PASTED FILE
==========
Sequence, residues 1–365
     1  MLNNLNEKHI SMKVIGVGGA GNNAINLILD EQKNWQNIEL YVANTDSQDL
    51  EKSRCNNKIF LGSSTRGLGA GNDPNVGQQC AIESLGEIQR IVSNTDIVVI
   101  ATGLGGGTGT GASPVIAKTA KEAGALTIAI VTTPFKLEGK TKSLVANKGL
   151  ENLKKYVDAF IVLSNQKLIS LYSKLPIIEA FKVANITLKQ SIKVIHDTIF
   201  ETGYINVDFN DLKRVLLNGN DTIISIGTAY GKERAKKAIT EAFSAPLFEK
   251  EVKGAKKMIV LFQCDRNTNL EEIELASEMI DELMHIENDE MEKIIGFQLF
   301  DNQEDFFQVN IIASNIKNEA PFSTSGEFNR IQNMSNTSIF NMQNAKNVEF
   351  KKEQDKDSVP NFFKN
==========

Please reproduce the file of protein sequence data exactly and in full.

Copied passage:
Sequence, residues 1–365
     1  MLNNLNEKHI SMKVIGVGGA GNNAINLILD EQKNWQNIEL YVANTDSQDL
    51  EKSRCNNKIF LGSSTRGLGA GNDPNVGQQC AIESLGEIQR IVSNTDIVVI
   101  ATGLGGGTGT GASPVIAKTA KEAGALTIAI VTTPFKLEGK TKSLVANKGL
   151  ENLKKYVDAF IVLSNQKLIS LYSKLPIIEA FKVANITLKQ SIKVIHDTIF
   201  ETGYINVDFN DLKRVLLNGN DTIISIGTAY GKERAKKAIT EAFSAPLFEK
   251  EVKGAKKMIV LFQCDRNTNL EEIELASEMI DELMHIENDE MEKIIGFQLF
   301  DNQEDFFQVN IIASNIKNEA PFSTSGEFNR IQNMSNTSIF NMQNAKNVEF
   351  KKEQDKDSVP NFFKN